Anyway, I suck at the cage. I don't like it, I don't want to do it, and therefore it's hard for me to find a "normal" job with the kind of employer who really gets it. That's why I went into doing contract and freelance. I didn't always make as much money, but at least I could do the job the way I wanted.

Which brings me back to my mother.

She's relieved because I accepted an offer today from a "normal" employer. I've been interviewing with them for a bit, figuring out if I'll fit in with them. It looks good, and I'm happy about it. They're a nice bunch of people who seem to agree with my marketing philosophy, which makes me feel optimistic. I figure I'll ease into the job over the next few weeks, tone down a little on my personality so as not to frighten anyone, and then dig in after we've all gotten used to each other. I may even last longer than six months. And if they're just as nutty and off-center as I am, this could go on for years.

Monday, November 27, 2006

Gluttony, Stuffing, and Giving Thanks


I'm still kinda recovering, which I think is what the majority of my friends and acquaintances are doing. You know, I like Thanksgiving...sort of. At least, I like the food, which anyone who knows me will tell you is enough incentive for me to do just about anything. But I suppose I've gotten cranky as I've gotten older. Or maybe I'm just more cynical. Or lazy.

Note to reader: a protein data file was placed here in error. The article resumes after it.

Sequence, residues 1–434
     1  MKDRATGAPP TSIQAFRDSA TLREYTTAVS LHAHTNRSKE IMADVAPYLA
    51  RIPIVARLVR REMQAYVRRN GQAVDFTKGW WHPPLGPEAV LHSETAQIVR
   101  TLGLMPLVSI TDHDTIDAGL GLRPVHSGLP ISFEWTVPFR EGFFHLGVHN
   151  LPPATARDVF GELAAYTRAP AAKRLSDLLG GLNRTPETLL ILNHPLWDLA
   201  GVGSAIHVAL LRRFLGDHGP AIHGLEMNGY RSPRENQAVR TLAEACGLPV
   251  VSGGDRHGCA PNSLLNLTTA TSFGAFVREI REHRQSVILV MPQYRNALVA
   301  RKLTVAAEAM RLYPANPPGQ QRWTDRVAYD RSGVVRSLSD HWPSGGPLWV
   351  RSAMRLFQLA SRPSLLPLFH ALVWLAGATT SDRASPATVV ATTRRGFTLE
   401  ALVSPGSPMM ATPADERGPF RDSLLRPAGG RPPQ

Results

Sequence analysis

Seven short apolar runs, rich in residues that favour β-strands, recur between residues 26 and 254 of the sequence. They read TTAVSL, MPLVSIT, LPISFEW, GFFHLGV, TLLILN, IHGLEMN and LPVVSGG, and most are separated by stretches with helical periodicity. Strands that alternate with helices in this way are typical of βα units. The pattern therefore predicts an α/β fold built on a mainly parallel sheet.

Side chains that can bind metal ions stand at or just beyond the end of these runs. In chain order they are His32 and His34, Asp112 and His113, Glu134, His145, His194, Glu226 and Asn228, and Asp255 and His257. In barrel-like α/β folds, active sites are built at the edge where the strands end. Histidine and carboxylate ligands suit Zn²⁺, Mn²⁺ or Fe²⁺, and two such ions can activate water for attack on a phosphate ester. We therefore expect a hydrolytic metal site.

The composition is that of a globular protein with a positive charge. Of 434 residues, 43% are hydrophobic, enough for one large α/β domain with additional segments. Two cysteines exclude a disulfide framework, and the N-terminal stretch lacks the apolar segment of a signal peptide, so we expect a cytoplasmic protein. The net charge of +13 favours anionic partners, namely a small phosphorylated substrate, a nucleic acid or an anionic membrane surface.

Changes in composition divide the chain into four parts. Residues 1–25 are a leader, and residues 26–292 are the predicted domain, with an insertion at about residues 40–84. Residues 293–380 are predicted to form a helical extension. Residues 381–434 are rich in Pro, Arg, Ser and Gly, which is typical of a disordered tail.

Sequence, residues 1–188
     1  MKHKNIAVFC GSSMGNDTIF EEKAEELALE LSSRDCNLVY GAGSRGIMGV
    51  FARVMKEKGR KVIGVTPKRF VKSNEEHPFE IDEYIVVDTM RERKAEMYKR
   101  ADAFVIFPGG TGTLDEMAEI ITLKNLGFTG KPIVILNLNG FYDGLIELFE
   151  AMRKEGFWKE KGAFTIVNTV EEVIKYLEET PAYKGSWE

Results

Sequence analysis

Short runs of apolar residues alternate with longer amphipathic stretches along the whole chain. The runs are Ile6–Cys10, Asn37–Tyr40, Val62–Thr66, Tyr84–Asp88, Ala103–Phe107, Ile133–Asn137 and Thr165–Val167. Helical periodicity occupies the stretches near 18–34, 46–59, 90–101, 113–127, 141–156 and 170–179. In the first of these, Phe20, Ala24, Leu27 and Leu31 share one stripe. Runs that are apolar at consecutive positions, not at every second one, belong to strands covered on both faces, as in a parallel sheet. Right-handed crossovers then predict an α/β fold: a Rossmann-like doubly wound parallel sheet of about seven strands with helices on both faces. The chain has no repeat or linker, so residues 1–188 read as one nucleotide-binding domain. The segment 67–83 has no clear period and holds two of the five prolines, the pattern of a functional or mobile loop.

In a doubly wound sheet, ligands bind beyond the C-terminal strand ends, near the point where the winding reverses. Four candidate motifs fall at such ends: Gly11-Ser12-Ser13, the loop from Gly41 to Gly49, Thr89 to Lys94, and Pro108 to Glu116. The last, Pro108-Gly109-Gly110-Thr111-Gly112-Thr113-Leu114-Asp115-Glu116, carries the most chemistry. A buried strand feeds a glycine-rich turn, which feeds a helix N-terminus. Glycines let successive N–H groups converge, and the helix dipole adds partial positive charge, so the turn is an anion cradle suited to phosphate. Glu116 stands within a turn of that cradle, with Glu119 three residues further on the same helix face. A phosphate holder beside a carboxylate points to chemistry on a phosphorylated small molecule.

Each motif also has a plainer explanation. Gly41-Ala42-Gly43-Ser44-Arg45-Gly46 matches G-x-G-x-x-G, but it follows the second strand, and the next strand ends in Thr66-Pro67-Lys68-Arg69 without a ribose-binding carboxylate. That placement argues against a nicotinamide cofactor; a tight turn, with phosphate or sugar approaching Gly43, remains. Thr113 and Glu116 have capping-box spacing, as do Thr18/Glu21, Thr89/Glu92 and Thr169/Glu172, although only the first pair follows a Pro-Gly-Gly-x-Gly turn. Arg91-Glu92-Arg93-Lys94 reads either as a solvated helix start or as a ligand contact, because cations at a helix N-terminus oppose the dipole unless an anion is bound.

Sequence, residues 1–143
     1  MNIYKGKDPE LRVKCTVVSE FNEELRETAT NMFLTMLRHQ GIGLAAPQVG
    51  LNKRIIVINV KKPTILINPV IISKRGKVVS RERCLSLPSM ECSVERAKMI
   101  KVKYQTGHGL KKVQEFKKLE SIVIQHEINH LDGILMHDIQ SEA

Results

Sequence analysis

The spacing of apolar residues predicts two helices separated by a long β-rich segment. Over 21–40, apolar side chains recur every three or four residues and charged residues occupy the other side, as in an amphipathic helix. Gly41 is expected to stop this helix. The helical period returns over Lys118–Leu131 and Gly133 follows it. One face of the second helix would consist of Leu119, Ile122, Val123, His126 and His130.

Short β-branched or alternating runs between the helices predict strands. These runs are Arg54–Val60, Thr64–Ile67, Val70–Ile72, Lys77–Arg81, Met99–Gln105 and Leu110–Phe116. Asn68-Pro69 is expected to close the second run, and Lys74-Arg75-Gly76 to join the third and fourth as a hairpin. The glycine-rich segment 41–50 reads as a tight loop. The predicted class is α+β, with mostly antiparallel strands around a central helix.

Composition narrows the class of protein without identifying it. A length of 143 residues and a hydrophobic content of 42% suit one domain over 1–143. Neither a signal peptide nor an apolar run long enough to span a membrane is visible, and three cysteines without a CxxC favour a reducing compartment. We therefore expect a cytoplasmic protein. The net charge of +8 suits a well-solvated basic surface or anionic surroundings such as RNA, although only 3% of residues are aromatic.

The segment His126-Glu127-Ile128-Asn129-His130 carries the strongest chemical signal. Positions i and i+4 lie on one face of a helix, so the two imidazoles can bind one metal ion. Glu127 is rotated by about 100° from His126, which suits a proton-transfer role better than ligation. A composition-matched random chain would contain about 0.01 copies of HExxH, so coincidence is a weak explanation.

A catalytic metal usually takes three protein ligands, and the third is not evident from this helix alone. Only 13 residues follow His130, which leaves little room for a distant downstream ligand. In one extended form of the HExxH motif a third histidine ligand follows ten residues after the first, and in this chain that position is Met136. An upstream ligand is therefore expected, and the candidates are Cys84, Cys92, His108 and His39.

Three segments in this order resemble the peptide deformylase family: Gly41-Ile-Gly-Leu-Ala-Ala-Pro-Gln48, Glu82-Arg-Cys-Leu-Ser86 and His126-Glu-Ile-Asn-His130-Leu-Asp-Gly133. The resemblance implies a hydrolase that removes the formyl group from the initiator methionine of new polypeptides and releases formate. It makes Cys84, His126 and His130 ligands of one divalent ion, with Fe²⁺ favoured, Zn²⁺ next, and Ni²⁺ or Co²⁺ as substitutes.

Does anyone else ever feel like Thanksgiving is the obligatory holiday? The one where we look forward to it with a mix of anticipation and resignation? I don't know how many people I talked to right before Thursday who said stuff like, "Yeah, I was invited down to my uncle's house, but it's such a long drive..." and "I'm supposed to go to my cousin's house, but God, it's gonna be a nightmare,because someone always starts an argument," or, "I volunteered to cook this year, and now I wish someone had stopped me before I opened my big mouth."

It's a weird holiday. I went up to see my sister and her family for the Big Day. And I enjoyed it--don't get me wrong. Sis is a fabulous cook, and she makes a stuffing that I could eat for a solid month. She and I can find anything--and I mean anything--to laugh at, and laugh at long and loud, until tears are streaming down our cheeks. My niece and nephew are lively, energetic, and engaging kids, and I absolutely adore them, no matter how much they can exhaust me in an alarmingly short span of time. I love going to visit my sister; that's not the problem for me at all.

The problem is that it's kind of a letdown once you actually get to sit down and eat. It's anticlimactic; after all the cooking and waiting and drooling...and starving all damn day so that you have room for the turkey and fixin's...well, all I can say is, I've never been able to eat and enjoy as much of the food as I thought I would at the start of Thanksgiving day. And that really bums me out. I live for food, and Thanksgiving is the one day I can freely and uninhibitedly indulge in my love (or gluttony) for carbohydrates. To not be able to have second helpings of stuffing, mashed potatoes, biscuit, and green bean casserole is just criminal to me.

Not so bad, in the entire scheme of things, I'll grant you. But I couldn't help thinking of some of those friends of mine who truly could have been just as happy staying home and ordering Chinese. Thanksgiving can be a real chore, let's face it. It doesn't mean we don't love our families, or want to be around them. It doesn't even mean we really mind the cooking. It's just that it's the one day we're all pretty much expected to demonstrate these sentiments, or otherwise be thought of as bad progeny. And that's really not fair.